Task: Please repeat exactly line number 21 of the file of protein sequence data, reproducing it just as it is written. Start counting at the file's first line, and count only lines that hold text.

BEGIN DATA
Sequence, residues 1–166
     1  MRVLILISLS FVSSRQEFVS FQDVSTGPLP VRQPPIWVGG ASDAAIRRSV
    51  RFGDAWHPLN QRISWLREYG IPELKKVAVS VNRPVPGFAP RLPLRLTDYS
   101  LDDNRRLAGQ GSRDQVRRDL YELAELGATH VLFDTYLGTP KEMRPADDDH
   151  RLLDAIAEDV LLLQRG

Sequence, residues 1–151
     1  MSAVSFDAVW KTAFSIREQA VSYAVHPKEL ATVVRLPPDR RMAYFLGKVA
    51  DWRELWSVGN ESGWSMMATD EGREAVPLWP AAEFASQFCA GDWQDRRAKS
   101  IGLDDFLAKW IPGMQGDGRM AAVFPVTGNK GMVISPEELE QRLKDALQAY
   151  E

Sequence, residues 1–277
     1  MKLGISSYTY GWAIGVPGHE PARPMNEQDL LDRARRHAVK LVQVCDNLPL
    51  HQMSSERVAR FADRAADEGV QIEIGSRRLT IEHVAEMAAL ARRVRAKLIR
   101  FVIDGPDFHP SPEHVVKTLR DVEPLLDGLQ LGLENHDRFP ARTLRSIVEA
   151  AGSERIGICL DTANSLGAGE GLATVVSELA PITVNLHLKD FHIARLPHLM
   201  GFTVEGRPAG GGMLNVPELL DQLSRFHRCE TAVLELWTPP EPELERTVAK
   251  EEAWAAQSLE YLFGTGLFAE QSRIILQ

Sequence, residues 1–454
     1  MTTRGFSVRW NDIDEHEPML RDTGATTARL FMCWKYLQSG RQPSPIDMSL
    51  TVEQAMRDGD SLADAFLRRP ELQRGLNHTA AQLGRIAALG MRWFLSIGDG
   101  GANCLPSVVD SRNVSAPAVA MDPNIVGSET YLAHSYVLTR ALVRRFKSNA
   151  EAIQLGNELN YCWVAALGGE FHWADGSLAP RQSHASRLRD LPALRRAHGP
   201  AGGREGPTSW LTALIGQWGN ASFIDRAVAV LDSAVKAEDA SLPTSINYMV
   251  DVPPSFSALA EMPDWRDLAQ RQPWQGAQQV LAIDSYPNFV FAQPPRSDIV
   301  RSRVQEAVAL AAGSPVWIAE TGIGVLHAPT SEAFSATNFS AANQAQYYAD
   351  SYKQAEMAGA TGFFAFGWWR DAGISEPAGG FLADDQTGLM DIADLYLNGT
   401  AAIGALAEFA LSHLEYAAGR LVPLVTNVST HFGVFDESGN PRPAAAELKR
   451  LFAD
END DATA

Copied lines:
   101  GANCLPSVVD SRNVSAPAVA MDPNIVGSET YLAHSYVLTR ALVRRFKSNA